The company requires a special fit-out to be installed in order to suit the surgery’s particular needs. This fit-out will include, among other things, walls being erected to create new zones, furniture and other equipment being bolted into the floor and special lights being fitted.

Alistair is concerned that the installation of the fit-out will affect the superannuation law compliance of the acquisition.

Prohibition of related-party acquisitions

The starting position is that if an object is affixed to a property, it will form part of the property. This is known as the ‘doctrine of fixtures’.

With reference to the above example, this means that any item the company attaches to the property will constitute an acquisition of that item by the trustee of the SMSF. This is an acquisition from a related party and, at first instance, appears to contravene s.66(1) of the Commonwealth Superannuation Industry (Supervision) Act 1993 (‘SISA’). The ATO has confirmed this view in SMSFR 2010/1 in regards to an acquisition of materials.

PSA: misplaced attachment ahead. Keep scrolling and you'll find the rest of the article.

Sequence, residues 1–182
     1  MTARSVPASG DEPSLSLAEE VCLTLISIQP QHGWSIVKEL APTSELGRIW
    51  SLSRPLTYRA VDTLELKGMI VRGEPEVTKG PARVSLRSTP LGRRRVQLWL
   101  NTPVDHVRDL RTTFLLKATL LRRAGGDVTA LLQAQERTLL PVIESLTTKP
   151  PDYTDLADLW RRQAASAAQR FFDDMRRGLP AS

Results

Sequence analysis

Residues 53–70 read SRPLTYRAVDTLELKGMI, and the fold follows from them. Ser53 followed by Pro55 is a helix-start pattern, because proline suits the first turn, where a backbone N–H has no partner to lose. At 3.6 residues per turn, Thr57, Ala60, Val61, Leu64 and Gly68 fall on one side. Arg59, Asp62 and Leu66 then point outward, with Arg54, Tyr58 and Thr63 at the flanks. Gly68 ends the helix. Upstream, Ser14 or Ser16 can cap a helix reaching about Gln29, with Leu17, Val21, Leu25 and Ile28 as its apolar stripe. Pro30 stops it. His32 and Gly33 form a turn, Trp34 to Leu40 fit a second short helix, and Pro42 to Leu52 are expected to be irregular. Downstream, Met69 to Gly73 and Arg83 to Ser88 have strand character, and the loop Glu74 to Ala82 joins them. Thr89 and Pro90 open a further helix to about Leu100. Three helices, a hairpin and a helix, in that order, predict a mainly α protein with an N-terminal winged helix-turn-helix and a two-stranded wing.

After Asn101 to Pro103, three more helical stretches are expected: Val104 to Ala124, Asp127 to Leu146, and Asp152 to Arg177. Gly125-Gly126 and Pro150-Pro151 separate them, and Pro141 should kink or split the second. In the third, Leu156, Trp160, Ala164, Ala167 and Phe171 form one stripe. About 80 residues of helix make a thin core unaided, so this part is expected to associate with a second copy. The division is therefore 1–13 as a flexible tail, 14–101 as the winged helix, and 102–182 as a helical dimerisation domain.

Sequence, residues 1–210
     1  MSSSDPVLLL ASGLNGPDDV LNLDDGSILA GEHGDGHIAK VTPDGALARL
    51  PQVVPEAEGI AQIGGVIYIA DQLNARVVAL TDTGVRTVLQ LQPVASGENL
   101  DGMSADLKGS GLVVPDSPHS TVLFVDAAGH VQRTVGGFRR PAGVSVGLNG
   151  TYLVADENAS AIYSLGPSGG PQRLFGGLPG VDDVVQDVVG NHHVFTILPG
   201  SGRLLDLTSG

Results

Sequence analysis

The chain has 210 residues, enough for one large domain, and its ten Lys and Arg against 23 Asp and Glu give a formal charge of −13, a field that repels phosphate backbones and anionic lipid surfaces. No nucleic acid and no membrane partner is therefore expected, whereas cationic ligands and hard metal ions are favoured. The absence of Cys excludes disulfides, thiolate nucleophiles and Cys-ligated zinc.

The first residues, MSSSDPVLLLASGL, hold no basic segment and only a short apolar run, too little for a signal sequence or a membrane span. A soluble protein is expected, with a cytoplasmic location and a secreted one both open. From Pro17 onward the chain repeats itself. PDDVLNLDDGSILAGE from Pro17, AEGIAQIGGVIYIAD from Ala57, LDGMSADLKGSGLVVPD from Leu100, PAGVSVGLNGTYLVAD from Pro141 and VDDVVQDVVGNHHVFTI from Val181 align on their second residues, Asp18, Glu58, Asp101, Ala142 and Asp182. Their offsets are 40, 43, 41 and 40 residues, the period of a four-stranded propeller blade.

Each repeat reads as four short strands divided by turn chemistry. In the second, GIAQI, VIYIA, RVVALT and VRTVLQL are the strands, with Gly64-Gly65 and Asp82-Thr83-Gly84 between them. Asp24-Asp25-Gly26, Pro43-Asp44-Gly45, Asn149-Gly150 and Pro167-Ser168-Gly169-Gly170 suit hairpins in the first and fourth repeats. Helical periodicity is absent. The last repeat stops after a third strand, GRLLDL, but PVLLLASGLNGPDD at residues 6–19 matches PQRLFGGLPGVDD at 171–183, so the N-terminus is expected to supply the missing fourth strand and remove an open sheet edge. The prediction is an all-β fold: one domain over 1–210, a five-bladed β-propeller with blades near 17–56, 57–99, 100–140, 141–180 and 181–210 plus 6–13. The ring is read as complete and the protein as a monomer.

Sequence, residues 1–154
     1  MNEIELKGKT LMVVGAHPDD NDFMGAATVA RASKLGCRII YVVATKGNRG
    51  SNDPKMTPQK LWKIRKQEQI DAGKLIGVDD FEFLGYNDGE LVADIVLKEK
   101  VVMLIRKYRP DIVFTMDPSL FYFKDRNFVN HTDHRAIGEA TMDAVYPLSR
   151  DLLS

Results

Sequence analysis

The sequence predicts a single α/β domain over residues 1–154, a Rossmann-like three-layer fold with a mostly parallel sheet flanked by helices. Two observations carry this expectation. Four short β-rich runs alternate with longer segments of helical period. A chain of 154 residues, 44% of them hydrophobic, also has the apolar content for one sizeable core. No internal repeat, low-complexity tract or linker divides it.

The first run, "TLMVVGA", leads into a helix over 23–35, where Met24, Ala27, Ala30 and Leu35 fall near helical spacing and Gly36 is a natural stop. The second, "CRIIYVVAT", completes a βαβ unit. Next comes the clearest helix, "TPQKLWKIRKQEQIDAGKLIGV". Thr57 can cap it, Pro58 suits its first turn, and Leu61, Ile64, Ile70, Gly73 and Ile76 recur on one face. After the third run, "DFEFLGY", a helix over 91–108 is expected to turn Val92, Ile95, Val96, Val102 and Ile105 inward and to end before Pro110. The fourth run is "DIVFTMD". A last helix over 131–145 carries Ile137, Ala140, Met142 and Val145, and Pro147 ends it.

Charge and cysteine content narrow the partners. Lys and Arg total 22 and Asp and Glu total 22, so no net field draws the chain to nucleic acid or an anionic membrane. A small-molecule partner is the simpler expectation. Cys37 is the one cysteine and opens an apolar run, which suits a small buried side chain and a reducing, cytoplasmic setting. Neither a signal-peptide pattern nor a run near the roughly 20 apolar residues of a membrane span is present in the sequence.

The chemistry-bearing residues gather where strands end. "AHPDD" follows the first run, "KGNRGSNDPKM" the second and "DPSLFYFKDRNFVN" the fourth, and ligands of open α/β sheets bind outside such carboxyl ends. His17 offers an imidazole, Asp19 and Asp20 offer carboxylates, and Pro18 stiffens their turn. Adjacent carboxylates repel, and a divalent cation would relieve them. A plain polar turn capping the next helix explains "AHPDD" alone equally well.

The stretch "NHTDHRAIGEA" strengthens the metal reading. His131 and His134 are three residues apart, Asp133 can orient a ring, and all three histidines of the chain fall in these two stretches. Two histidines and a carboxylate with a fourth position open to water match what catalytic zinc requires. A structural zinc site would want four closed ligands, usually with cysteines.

That being said, the doctrine of fixtures does not strictly apply in the case of tenants fittings. More particularly, the general position is that an item affixed to the land by a tenant is the property of the landlord; however, the tenant has right of removal. See TEC Desert Pty Ltd v Commissioner of State Revenue [2010] HCA 49, where it was stated that:

25. As noted above, in the Court of Appeal, reliance by analogy was placed upon the law respecting "tenant's fixtures". That law concerns the rights of persons who have limited interests, such as life interests and leases for a term, or their personal representatives, to sever and remove from the land what admittedly are fixtures in the sense of the term as just discussed. Unless and until that right of severance and removal is exercised, the fixtures form part of the realty.